So, in summary, I would say the two biggest challenges that I see are: (1) Brands being unrealistic about how much ad spend they need to spend on a daily basis in a compressed 3-4 week time horizon to hit their sales goals. And the solution is to get planning months and months ahead of time and plan cross-functionally between supply chain, finance and marketing on a daily basis to put together a daily ad spend plan that actually ladders up to your sales goals. (2) And then the second one is cash constraints, which is closely aligned with the risk of inaccurate demand forecasts. And the solution there is getting the right debt financing in place so that if you do get a little bit heavy on inventory either right before or right after the holidays, that debt is financing that excess inventory and you pay it back as you sell through it, post the holiday season, right-size your inventory levels, pay off the debt, and then live the fight another day and keep growing your business.
What other departments and leaders do you collaborate with for the planning cycle? Who is a must-have collaborator during the process?
100% the leaders of Supply Chain, the leaders of Finance, and the leaders of Sales and Marketing. It has to be cross functional. The sales and marketing leader needs to inform the demand forecast for the Supply Chain leader to calculate POs, delivery timing, order quantities, etc., I serve as the finance leader for many brands, I sit in between marketing and operations, and I'm running cash flow projections and profitability projections on the scenarios that they're giving me for demand and purchase forecast. I'm kind of the connective tissue that's like letting us know how risky or not risky a particular decision is as we're planning. So, absolutely the three major functions, Marketing, Finance, and Operations/Supply Chain—It has to be a cross-functional planning effort to get ready for the holidays. There’s no other way to do it.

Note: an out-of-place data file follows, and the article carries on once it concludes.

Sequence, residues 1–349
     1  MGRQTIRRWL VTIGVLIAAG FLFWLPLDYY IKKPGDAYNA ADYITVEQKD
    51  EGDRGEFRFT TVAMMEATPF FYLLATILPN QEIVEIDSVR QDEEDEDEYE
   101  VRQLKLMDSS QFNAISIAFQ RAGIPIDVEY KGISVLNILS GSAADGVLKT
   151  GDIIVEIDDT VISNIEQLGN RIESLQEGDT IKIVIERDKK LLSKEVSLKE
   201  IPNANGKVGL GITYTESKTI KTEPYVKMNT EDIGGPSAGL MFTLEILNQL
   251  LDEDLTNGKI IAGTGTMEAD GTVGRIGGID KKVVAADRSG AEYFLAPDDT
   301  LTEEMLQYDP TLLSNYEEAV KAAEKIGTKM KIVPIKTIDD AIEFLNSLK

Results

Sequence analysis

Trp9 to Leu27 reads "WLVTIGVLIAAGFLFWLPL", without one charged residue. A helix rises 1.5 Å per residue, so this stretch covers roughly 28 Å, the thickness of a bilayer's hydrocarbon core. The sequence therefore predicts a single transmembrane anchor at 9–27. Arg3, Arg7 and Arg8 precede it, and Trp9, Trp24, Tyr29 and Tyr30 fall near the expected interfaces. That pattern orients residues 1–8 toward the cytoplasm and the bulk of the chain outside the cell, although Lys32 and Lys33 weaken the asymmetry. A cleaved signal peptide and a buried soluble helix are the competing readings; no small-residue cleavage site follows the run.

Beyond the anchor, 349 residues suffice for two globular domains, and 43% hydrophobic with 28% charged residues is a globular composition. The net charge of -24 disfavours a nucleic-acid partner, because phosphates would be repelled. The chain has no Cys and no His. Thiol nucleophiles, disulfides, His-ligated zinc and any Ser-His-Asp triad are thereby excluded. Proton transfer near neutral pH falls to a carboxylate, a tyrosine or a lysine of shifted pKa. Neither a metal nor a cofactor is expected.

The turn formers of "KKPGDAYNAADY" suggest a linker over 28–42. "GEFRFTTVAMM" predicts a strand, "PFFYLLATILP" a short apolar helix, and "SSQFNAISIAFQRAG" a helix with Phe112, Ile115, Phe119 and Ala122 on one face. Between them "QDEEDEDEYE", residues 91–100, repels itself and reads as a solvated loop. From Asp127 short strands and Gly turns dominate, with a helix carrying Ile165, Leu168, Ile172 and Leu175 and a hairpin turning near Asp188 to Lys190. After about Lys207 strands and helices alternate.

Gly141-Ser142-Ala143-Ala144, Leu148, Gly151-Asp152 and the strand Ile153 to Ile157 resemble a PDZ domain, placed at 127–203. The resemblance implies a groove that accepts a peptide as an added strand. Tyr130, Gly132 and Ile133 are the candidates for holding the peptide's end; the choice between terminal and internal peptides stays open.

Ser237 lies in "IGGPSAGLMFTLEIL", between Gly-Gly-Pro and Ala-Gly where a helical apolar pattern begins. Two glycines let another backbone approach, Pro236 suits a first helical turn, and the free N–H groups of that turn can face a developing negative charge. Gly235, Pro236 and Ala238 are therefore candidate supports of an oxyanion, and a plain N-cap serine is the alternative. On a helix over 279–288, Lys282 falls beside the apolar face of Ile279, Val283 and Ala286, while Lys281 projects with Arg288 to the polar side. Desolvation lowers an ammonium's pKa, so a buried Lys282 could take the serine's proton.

What's the most surprising/unexpected thing that's ever happened to you or the brand during the actual BF/CM sales promotion?
I’ve been through over a dozen of BF/CM sales promotions, so I’ve seen a lot. I’ve seen everything from running a massive Facebook campaign for the 3 weeks leading up to Black Friday and getting massive traffic to the brand's website but no one was buying. It was the assumption that the sales faucet hadn’t turned on yet because it wasn’t Thanksgiving yet. But then BF/CM comes around with very little return on ad spend. The sales never turned on and it was a complete flop. Afterwards, we had to halt all inventory purchases and cut a lot of overhead costs and go into the following year, very, very defensive. That was a huge, huge bummer.
But in January of that same year, I also saw a brand that did less than $300,000 in revenue in January and ended up doing $7.5M in November, and $7.5M in December completely unexpected. So, I've seen flops and I've seen just like capturing massive upside that was unexpected. You just really don't know what to expect.
If you could give a piece of advice to other operators prepping for their first holiday sale, what would it be?
Honestly, the biggest thing is to just start planning early and to make it cross-functional. I know I've already touched on that, but like starting early on, all major functions. Start planning early on the supply chain side. Talk to your vendors early and often about the expectations of purchase orders that you're gonna place and expectations of delivery and lead times. Talk to your finance team early and often about what the range of possibilities are for demand forecasts and supply chain. Talk early and often with your sales and marketing team about the monthly, weekly, and daily plan leading up to the holidays for promoting your sale, spending on awareness for the sale, and the daily ad spend in that compressed 3-4 week time horizon for the holidays.
Planning early is what will make for a successful holiday. Every time I've seen a brand plan too late, they were caught by either leaving sales on the table by stocking out, leaving sales on the table by just not being ready to spend, or just overall not being prepared cross-functionally.